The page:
Friday, December 5, 2014

#Orion #EFT1 milestone launch sets the stage for the future of human spaceflight from Florida

The stage was set for +NASA Orion's maiden voyage, but a stray boat, weather delays and engine valve issues scrubbed the first launch attempt on Dec. 4th after exhausting the long launch window. The early morning launch window would have to be repeated the following day adding to the delirium of a long week. The night of the 4th I also ran a +Yuri's Night Space Coast Fundraiser where the proceeds will seed-fund teachers and events in the area to host events around April 12th, the anniversary of human spaceflight. The lack of sleep from the late night party and early Dec 5th morning added to the excitement of the imminent launch. The weather was stormy at 5am when we woke up (hours after tourists and VIPs had loaded on buses for the Kennedy Space Center viewing locations). We loaded up the van and headed to the Cape Canaveral Air Force Station Skid Strip (landing strip in the middle of their station) to for the second attempt. The crowd was about half the previous morning but just as excited. The weather was looking great and I think the experienced crowd at CCAFS knew that everything was on track for launch. Sure enough, the countdown proceeded and it was all systems go for launch! United Launch Alliance's Delta IV Heavy rose like a giant building with three bright streams of fire below it. We watched it arc over us and towards space carrying Orion on a historic maiden voyage. The ‪#‎EFT1‬ (Exploration Flight Test 1) circled our planet twice before making a fiery re-entry into the Pacific Ocean. The images and videos of our planet were fantastic, a glimpse of what future astronauts may see. Look for those on +NASA's sites and across the social media-verse! This mission was particularly important for human spaceflight as it tested critical systems that are helping with the final design of the human-rated vehicle. The crowds were big, but not exactly Shuttle-like as predicted. They were significant compared to other launches. I was very happy to experience this slice of human spaceflight history. A very important part of this mission was that it did raise a lot of awareness for human spaceflight and it did energize the space community. The big question is, how long will that last and will it be enough until the next milestone event. A lot of people have been discussing "who will be first" between Lockheed's Orion and the capsules funded by NASA's Commercial Crew Program (SpaceX's Dragon and Boeing's CST-100), but personally, I like to think about a near-future where we can ask "who will be second? Third?" Go Orion!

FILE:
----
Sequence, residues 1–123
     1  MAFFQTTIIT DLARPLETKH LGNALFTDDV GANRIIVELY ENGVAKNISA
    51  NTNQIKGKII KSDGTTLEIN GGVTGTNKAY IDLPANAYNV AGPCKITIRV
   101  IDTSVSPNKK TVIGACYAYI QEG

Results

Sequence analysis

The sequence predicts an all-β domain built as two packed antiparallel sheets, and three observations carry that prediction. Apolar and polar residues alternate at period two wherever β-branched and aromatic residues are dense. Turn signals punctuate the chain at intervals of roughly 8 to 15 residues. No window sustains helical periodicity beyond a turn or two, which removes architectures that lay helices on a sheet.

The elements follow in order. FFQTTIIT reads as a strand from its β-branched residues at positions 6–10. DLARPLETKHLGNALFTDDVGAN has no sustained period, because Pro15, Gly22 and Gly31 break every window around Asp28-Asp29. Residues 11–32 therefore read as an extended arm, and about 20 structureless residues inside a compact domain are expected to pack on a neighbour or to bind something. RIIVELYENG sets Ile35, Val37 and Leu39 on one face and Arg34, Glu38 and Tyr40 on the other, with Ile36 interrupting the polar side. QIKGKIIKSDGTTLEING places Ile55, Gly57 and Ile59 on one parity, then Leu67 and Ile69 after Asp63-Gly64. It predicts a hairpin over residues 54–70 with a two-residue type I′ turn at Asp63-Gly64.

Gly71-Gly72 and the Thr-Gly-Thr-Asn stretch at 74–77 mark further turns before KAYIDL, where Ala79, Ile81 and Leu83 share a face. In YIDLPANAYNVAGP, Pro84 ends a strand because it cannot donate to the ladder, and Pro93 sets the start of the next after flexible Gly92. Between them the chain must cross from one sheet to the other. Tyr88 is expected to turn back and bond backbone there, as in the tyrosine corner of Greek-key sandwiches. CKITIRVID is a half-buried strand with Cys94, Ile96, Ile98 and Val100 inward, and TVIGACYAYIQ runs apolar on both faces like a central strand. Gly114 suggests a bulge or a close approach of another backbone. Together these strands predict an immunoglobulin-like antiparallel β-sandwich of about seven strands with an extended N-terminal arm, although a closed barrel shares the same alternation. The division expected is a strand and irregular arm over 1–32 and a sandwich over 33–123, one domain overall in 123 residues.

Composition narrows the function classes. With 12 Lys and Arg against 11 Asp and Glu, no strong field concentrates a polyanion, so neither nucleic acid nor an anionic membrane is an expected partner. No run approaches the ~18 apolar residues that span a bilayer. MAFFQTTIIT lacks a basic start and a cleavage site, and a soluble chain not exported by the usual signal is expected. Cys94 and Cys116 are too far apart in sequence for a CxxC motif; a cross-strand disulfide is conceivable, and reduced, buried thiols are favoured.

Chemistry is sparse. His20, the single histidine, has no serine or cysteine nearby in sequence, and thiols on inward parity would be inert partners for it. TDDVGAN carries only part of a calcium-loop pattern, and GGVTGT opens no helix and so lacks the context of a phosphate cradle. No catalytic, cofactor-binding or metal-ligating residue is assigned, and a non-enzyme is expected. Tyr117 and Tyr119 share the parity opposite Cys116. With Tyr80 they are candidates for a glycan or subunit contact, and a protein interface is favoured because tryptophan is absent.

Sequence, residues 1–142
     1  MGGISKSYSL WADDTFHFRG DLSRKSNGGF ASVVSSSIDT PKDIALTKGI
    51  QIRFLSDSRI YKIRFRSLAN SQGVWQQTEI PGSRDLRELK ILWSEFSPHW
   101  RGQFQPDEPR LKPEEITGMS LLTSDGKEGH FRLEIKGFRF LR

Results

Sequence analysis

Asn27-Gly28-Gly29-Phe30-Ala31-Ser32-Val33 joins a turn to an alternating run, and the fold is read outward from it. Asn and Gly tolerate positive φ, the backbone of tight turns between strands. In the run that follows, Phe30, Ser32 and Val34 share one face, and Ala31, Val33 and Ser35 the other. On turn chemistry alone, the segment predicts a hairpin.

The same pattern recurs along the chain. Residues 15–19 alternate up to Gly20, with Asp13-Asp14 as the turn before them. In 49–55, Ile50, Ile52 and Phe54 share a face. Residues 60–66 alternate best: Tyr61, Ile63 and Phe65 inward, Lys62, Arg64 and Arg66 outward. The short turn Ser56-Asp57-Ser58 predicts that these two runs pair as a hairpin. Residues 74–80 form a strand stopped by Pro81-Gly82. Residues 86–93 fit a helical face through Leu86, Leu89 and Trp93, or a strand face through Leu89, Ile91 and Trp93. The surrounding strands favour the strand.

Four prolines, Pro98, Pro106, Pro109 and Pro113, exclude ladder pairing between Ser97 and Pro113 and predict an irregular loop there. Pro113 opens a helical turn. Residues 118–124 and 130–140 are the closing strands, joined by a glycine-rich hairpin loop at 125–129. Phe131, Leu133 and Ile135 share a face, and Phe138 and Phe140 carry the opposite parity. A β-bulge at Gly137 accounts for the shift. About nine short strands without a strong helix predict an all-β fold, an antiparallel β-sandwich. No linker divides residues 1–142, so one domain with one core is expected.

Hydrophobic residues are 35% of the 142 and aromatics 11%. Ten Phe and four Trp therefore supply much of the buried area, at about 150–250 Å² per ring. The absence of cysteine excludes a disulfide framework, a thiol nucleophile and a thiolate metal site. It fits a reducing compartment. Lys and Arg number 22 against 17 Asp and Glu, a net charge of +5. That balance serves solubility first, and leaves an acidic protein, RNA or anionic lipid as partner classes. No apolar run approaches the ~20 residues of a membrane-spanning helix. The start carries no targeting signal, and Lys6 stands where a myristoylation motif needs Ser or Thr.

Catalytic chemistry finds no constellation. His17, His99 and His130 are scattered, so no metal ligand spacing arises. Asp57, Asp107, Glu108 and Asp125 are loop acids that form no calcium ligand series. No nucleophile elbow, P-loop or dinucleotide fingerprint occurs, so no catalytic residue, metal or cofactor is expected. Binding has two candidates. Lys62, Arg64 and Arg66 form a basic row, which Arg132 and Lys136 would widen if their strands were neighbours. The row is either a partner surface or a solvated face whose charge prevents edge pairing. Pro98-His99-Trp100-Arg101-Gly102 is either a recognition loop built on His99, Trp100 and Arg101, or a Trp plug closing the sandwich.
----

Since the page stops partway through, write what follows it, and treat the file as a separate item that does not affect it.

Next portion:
Two birds in the air, but one heading for space and into the history books.
A look at the Delta IV Heavy and it's fiery triple tail slowing ascending with Orion snug up top.
A fun pic when the bird crossed the path of the rocket and it looked like a bird-shish-kabob

The official stats:
Dec. 5 Delta 4-Heavy   •  Orion EFT-1
Launch time: 1205 GMT (7:05 a.m. EST)
Launch site: SLC-37B, Cape Canaveral Air Force Station, Florida

A United Launch Alliance Delta 4-Heavy rocket will launch NASA's Orion multi-purpose crew vehicle on Exploration Flight Test-1. The uncrewed test flight of the Orion spacecraft will reach an altitude of 3,600 miles before re-entering the atmosphere to demonstrate the capsule's heat shield. The largest of the Delta 4 family, the Heavy version features three Common Booster Cores mounted together to form a triple-body rocket. Delayed from September. Scrubbed on Dec. 4. See our Mission Status Center. [Dec. 5]


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